Making The Transition

West Virginia football walk-on Da'Von Marion is saying goodbye to his high school career with all-star contests while prepping for the challenge of college life.

Marion, who played his last sanctioned basketball game in the Scott Brown Memorial Classic last month in Beckley, W. Va., is also slated to play in the West Virginia North-South football game in Charleston in June. Those contests will serve as the endpoints of his high school career, after which he will join the Mountaineer football program. While he, and many others like him, are looking forward to college, he is also taking the time to enjoy the last days of his high school experience.

"It felt really good to play people that play my style," Marion said of the all-star game. "I've been working out trying to get ready to go to WVU and play, but this was one of my last chances to get the experience to just go out and have some fun. I still have North-South football, but this was just a good way to let loose some energy and play with my friends."

Marion, like many football stars, also excelled in basketball, and he enjoyed the chance to play against some good competition. Basketball also offered some crossover skills which help him on the football field.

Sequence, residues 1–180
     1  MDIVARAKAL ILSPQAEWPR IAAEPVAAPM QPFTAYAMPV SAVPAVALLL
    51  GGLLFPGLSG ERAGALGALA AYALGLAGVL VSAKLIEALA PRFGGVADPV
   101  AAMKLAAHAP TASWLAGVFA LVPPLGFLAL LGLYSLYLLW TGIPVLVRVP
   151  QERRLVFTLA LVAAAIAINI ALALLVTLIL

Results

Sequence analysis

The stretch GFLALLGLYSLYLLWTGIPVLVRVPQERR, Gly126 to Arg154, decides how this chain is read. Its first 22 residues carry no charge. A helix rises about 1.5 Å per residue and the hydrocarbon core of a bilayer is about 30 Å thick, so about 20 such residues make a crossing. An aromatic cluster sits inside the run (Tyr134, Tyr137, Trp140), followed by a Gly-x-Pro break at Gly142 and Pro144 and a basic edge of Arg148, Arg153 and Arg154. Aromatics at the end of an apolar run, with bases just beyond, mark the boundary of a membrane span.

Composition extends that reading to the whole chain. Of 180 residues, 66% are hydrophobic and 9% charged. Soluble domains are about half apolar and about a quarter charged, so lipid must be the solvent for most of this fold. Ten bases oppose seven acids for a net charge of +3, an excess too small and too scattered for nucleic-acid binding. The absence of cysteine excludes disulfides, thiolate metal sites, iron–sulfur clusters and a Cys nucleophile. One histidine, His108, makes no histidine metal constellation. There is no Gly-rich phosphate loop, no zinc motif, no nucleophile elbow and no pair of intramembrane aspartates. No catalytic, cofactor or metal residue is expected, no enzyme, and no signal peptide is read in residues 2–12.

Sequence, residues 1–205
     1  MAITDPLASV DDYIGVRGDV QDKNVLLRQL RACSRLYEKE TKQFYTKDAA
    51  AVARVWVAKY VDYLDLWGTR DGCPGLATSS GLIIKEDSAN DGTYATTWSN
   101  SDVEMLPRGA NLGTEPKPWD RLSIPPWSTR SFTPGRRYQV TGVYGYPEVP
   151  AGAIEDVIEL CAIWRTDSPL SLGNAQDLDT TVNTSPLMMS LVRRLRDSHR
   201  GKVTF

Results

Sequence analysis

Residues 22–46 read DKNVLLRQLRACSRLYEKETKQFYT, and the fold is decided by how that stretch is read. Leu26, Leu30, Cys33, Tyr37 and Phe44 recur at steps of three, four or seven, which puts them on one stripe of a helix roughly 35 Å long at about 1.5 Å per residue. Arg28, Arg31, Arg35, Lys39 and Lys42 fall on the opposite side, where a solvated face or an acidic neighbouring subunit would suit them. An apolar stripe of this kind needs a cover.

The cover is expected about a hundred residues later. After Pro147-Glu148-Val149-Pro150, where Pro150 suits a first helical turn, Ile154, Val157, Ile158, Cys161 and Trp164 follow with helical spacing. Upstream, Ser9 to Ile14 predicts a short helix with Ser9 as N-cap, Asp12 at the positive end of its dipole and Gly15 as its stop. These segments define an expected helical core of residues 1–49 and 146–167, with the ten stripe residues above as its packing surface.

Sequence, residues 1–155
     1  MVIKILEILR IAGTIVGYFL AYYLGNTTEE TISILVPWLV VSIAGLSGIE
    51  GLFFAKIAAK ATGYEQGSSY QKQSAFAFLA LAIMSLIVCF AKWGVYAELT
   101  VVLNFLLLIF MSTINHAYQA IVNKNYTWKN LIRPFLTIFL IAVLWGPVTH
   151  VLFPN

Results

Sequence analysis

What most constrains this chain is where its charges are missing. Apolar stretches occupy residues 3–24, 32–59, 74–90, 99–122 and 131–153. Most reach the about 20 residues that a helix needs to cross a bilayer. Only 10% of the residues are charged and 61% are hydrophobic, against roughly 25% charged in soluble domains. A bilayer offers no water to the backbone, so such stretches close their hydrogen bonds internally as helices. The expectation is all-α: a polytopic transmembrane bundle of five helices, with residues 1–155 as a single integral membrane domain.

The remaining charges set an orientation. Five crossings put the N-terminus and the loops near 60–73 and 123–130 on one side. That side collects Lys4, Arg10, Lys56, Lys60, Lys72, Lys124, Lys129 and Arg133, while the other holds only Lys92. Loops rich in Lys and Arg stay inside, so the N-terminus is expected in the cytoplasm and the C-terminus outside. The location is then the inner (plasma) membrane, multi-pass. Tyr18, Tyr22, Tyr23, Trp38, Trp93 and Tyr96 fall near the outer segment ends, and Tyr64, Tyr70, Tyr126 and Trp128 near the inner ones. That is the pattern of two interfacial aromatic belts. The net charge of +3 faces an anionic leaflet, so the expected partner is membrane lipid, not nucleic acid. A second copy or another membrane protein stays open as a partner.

"I think basketball helps my footwork a lot," he said. "I played in the post in [Class] Single A but in this game I had to be quick on my feet. It helped me work on that."

In the contest, Marion was teamed with WVU-bound Deniz Kilicli, which gave him the chance to play some on the perimeter. He showed good quickness and jumping ability, and also was able to muscle his way to the basket to grab rebounds and finish plays. Of course, fighting off blocks by 300-pound guards is a bigger challenge by far, and the Mount Hope native knows it.

"I am working on my quickness and my strength, and I know that I will have to improve on those things," he said without reservation. "That's what those guys all have [in college], so I know I have to get better there."

Marion is matter-of-fact about not getting a scholarship offer, and doesn't carry a chip on his shoulder or hold any bitterness over it. Instead, he's determined to show that he can play at the Division I level.

"I don't think I got shorted or anything, because the coaches there know who can play," he said of the process. "But going as a walk-on, I know have to show a little more and step up to the plate when its my turn. I work very hard and I know what I can do, and what I can't do, they have coaches that will help me with that. But I do think I can play there."

That sort of approach should help Marion has he works to gain notice in the program. He also has one advantage -- a long-standing familiarity with one of WVU's assistant coaches.

"I do know Coach Dunlap pretty well, because he has been around us for a long time. He helped my uncle, Tim Newsom get up to WVU, so he has been in our family for a while. I know him very well. He's the one that talked with me and helped me get to WVU."

Newsom, a West Virginia defensive back for the Mountaineers from 1988-91 who totaled 80 tackles in his career, is one of 19 children.

"I do have a lot of relatives around here, I guess you could say," Marion joked.

Davon Marion profile


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